Well, there's weird... and then there's the 2-hour drive from the Quad Cities to Fairfield, Iowa. Weird doesn't begin to cover Fairfield. Fairfield TRANSCENDS weird.
"There isn't another story like this anywhere in the country," says Fairfield mayor Ed Malloy with a smile.
Once upon a time, Fairfield was just like any other small Iowa town. Throughout the 60's, it's shining beacon was the ever-growing Parsons College. The school had recently implemented an aggressive development program dubbed "The Parsons Plan," and enrollment had skyrocketed.
That all changed in 1966, when Life magazine published an article highly critical of the school, spotlighting the college as a safehouse for Vietnam draft dodgers. Within a year, the school had temporarily lost its accreditation and the ringleaders of the Parsons Plan were removed. In 1973, Parsons College celebrated it's 99th year by closing its doors for the final time. With the closure of Parsons, Fairfield could have become just another rural Iowa town past its heyday. Little did they know the town's future was about to be shaped by a giggling guru from halfway around the globe.
In 1974, the campus of the Parsons was bought by an organization fronted by the Maharishi Mahesh Yogi. Iowa was about to meet a world of Eastern philosophy, Yogic flying, and "bubbling bliss."
The Maharishi Mahesh Yogi was an Indian sage who, in 1955, began teaching a technique that supposedly could develop the creative potential and quality of life of its practitioners -- a technique he called Transcendental Meditation (TM). TM is derived from ancient Indian Vedic literature -- some of the oldest sacred texts in existence. Followers claim that through the practice of TM, the mind is brought to a heightened state of awareness known as Transcendental Consciousness - the source of all thought, energy, and being. It is said that following the simple practice for twenty minutes twice a day can activate parts of the brain normally dead to the world.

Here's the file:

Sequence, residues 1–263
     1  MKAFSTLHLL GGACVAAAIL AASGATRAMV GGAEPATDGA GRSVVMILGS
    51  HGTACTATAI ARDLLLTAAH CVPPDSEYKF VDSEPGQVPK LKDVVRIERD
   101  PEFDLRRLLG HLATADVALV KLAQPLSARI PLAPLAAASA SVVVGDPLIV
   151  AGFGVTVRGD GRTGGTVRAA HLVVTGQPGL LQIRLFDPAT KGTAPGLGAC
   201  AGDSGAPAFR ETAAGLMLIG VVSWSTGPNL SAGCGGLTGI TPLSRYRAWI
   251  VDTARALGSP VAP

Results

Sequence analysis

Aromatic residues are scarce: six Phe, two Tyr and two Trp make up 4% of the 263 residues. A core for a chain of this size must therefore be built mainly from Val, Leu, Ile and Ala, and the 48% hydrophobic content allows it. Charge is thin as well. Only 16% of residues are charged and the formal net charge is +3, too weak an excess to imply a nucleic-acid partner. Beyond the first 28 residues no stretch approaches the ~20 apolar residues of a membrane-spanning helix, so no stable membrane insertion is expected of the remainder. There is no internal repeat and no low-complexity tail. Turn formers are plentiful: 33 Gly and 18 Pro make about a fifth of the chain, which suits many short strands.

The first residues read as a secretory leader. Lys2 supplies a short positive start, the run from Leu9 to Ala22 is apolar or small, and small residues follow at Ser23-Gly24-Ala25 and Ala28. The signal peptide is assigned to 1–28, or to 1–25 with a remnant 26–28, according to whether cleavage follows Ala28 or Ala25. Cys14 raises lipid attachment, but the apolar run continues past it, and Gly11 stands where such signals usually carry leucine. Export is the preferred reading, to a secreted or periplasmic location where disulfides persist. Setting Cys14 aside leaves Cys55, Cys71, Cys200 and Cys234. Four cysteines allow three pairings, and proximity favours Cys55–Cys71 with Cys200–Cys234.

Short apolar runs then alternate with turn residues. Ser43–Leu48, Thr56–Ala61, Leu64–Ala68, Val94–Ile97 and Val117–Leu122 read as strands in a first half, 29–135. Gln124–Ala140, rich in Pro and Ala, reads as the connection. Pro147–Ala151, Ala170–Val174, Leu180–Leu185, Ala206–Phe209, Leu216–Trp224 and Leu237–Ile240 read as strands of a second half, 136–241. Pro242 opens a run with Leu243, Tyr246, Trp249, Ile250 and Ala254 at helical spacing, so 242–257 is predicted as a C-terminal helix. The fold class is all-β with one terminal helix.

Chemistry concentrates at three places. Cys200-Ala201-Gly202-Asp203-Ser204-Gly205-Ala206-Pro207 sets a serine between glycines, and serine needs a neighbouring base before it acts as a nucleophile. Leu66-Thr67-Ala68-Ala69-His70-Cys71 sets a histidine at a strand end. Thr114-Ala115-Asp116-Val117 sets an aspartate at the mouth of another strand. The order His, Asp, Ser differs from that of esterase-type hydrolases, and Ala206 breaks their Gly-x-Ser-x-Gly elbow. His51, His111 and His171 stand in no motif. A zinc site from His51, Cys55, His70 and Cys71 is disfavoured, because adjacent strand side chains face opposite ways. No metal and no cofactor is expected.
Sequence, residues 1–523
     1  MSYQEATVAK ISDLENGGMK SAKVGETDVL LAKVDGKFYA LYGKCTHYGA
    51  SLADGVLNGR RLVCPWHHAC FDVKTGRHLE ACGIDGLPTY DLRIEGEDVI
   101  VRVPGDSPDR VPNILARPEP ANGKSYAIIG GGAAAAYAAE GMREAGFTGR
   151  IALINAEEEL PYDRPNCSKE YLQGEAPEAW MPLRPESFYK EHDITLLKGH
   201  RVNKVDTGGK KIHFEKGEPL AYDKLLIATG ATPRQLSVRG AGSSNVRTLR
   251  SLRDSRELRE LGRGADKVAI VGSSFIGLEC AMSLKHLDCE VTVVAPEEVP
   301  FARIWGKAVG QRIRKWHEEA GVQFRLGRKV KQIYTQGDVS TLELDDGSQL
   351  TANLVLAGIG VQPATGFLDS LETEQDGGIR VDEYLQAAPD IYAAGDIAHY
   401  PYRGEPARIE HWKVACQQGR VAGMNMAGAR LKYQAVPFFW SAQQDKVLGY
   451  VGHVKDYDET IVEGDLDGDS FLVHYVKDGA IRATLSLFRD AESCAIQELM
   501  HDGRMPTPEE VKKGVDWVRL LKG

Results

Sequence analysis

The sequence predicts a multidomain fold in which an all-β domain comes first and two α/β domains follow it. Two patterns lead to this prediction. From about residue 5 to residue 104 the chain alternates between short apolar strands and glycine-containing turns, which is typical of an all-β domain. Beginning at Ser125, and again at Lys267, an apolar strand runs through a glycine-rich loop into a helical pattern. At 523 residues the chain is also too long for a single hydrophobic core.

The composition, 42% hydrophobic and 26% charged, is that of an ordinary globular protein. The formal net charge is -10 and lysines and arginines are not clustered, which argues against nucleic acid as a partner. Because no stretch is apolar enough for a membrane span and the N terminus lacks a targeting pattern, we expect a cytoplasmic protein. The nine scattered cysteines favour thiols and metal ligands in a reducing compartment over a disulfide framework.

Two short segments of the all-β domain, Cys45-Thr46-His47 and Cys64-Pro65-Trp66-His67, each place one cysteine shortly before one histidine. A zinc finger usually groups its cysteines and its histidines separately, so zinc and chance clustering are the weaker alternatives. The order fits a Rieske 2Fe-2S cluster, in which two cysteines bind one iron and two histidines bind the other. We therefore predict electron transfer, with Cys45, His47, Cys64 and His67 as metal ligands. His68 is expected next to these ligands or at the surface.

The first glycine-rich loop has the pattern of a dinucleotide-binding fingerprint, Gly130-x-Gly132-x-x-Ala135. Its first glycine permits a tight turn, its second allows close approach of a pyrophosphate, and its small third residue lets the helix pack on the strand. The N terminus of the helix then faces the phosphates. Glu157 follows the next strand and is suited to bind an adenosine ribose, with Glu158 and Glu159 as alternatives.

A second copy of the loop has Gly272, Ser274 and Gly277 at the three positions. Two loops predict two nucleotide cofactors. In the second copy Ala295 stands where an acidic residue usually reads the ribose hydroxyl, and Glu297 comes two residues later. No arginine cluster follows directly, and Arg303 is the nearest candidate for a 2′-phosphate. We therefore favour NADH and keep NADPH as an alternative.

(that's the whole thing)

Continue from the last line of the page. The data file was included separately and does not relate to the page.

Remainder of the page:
TM was first exposed to the West in the late 1950's, but really didn't catch the imagination of the Western World until the Maharishi found four new fans named John, Paul, George, and Ringo. In 1968, the Beatles made a highly publicized trip to the Maharishi's ashram in India to study TM and write the songs that would later become The White Album. While the band eventually had a falling out with the guru (the song "Sexy Sadie" is widely acknowledged as a jab at the Maharishi,) the world had been introduced to the practice of TM and the Maharishi found himself a legion of followers.
That legion now includes folks like Oscar-nominated film director David Lynch, techno savant Moby, hip-hop empresario Russell Simmons, and even Jerry Seinfeld. An estimated six million people now practice Transcendental Meditation on a regular basis.
In the summer of 1974, the former Parsons College was relaunched as the Maharishi International University, now known as the Maharishi University of Management (MUM). A fully accredited college, MUM offers twelve undergraduate programs with a focus they call "consciousness-based education." Alongside a standard college curriculum, the university's students also learn and practice the daily art of TM. All meals are organic and vegetarian. Smoking and drinking are forbidden on campus. Students are encouraged to have lights out by 10 p.m.
The Maharishi passed away earlier this year, but the college carries on his work and even takes things to another level -- namely, quantum physics. Behind the leadership of noted physicist Dr. John Hagelin, the University has applied ancient Vedic Science to the quantum theory of the Unified Field -- what Hagelin refers to as the "universal field of intelligence in nature," the primordial sea of everything that exists. When a practicioner "dives deep" into Transcendence, it is claimed that they touch this Unified Field, creating ripples of positivity not just for the meditator, but for the universal intelligence of all mankind. Through TM, the university hopes to accomplish nothing less than world peace.
Quantum physicist Dr. John Hagelin lectures about the Unified Field to the crowd at the 2008 David Lynch Weekend at the Maharishi University of Management, Fairfield, IA.
The university's impact on Fairfield is hard to miss. Fifteen ethnic restaurants surround the small town square. Everywhere in town, the roofs of homes are topped by an ornamental golden domelet called a kalash. The smell of curry is almost inescapable. It is the ultimate marriage of Iowa charm, Eastern philosophy, and progressive thought.